non-linear partial differential equations
Jose E. Roman
jroman at dsic.upv.es
Sat Jun 13 04:45:13 CDT 2009
Dear Nichols,
You can use SLEPc to solve the linear eigenproblems that arise within
the self-consistency iteration for the KS equation. ScaLAPACK cannot
be used because your matrices are not stored explicitly.
I know you are concerned about the diagonalization that is required
within the iterative eigensolver, since you want to compute a large
number of eigenpairs. In a previous communication, I said that we
wanted to improve support in SLEPc for this case, and this is in fact
done and included in version 3.0.0. Now you can control the growth of
the subspace that is used internally by the eigensolver. See SLEPc
users manual, section 2.6.4.
As an illustration, we have recently tried a real symmetric matrix
coming from a computational chemistry application. The dimension of
the matrix is about 65,000 and we compute 2,000 eigenpairs in chunks
so that the internal diagonalization is of order 300 at most. This
computation scales very well (we tried up to 500 processors). My bet
is that you can reach matrices of order 10^7 and 10,000 eigenvalues
without problems, provided that you have enough memory and processors.
We can provide support if necessary. Also, if you give us one of your
matrices then we could do some tests. Contact us at the SLEPc
maintainers email.
Best regards,
Jose E. Roman
On 13/06/2009, naromero at alcf.anl.gov wrote:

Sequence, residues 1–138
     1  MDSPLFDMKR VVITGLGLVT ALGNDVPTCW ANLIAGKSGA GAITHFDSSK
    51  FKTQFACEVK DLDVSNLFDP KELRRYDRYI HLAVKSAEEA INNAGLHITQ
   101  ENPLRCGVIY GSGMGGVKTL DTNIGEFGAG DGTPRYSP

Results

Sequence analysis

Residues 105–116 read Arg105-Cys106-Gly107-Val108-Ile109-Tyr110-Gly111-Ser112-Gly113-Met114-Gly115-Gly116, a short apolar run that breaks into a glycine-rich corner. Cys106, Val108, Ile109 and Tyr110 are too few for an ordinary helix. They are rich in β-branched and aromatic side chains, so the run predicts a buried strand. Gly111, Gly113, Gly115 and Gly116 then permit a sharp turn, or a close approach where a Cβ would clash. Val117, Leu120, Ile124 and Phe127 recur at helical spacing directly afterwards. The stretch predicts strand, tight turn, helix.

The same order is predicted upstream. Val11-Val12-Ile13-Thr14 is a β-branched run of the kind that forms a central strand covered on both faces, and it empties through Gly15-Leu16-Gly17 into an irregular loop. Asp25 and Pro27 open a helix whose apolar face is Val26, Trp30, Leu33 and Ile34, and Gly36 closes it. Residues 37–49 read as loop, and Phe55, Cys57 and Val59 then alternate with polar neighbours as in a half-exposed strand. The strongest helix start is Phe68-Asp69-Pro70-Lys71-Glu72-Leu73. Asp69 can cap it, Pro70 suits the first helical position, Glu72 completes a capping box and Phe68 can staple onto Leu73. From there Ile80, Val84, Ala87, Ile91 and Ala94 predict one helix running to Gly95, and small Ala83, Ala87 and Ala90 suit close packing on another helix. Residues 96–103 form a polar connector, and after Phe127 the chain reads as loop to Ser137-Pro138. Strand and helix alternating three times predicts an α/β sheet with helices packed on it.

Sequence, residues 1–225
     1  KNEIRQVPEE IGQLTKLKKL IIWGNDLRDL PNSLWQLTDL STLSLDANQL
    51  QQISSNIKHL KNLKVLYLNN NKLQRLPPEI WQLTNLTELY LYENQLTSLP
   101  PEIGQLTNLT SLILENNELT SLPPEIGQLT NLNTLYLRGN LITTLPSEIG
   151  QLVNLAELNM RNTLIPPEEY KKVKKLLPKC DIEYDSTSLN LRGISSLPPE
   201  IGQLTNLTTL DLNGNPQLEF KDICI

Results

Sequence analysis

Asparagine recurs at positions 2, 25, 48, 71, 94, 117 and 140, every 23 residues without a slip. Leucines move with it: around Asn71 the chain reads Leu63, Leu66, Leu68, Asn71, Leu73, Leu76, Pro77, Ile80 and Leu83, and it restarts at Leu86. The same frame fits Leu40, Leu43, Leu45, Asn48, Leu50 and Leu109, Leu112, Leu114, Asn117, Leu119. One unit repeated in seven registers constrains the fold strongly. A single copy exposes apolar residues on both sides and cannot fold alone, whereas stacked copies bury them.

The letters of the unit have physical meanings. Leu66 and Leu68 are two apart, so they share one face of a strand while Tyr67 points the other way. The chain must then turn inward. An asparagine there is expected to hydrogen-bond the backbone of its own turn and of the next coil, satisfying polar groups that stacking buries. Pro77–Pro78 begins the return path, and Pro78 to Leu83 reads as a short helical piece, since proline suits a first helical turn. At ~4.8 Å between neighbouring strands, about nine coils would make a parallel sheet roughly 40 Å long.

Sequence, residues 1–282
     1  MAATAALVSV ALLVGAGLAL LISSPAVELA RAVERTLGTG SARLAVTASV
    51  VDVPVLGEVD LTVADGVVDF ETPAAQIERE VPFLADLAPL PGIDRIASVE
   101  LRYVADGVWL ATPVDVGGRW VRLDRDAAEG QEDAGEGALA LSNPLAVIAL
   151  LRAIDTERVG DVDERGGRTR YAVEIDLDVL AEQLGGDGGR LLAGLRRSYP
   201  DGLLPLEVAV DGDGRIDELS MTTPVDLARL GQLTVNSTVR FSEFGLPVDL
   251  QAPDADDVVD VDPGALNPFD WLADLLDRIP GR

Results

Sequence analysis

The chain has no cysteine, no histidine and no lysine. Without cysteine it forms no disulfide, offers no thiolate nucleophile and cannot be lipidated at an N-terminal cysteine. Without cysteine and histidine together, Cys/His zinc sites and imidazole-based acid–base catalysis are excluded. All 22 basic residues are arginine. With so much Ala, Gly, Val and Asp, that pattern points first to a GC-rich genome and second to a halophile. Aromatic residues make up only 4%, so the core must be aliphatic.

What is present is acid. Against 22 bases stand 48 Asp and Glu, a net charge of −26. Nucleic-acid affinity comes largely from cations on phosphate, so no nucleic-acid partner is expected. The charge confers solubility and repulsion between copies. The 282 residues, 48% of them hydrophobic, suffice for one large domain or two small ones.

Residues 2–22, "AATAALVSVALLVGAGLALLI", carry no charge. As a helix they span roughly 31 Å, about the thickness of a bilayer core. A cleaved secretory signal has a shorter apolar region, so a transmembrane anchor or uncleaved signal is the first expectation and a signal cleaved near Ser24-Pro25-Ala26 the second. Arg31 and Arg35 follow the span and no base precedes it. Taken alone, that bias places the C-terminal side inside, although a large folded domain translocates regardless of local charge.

> Matt,
>
> Yes, it is a sparse eigenvalue problem. And yes, I have taken a look
> at SLEPc before. For some of our
> very large problems, we may get up to 10,000 (out of 10^7)
> eigenvalues and then SLEPc might need hooks
> into ScaLAPACK for the subspace diagonalization. Last time I checked
> ScaLAPACK interface in SLEPc
> was not available.
>
>
> Nichols A. Romero, Ph.D.
> Argonne Leadership Computing Facility
> Argonne National Laboratory
> Building 360 Room L-146
> 9700 South Cass Avenue
> Argonne, IL 60490
> (630) 252-3441
>
>
> ----- Original Message -----
> From: "Matthew Knepley" <knepley at gmail.com>
> To: "PETSc users list" <petsc-users at mcs.anl.gov>
> Sent: Friday, June 12, 2009 11:21:08 AM GMT -06:00 US/Canada Central
> Subject: Re: non-linear partial differential equations
>
> You can solve matrix-free nonlinear equations with PETSc. If you are
> actually
> solving an eigenproblem, I would recommend using SLEPc which has PETSc
> underneath.
>
> Matt
>
>
> On Fri, Jun 12, 2009 at 10:20 AM, < naromero at alcf.anl.gov > wrote:
>
>
> Hi,
>
> I would like to understand if the methods in PETSc are applicable to
> my
> problem.
>
> I work in the area of density functional theory. The KS equation in
> real-space (G) is
>
> [-(1/2) (nabla)^2 + V_local(G) + V_nlocal(G) + V_H[rho(G)] psi_nG =
> E_n*psi_nG
>
> rho(G) = \sum_n |psi_nG|^2
>
> n is the index on eigenvalues which correspond to the electron
> energy levels.
>
> This KS equation is sparse in real-space and dense in fourier-space.
> I think
> strictly speaking it is a non-linear partial differential equation.
> V_nlocal(G)
> is an integral operator (short range though), so maybe it is
> technically a
> non-linear integro-partial differential equation.
>
> I understand that PETSc is a sparse solvers. Does the non-linearity
> in the
> partial differential equation make PETSc less applicable to this
> problem?
>
> On one more technical note, we do not store the matrix in sparse
> format. It is
> also matrix*vector based.
>
>
>
> Argonne Leadership Computing Facility
> Argonne National Laboratory
> Building 360 Room L-146
> 9700 South Cass Avenue
> Argonne, IL 60490
> (630) 252-3441
>
>
>
>
> --
> What most experimenters take for granted before they begin their
> experiments is infinitely more interesting than any results to which
> their experiments lead.
> -- Norbert Wiener
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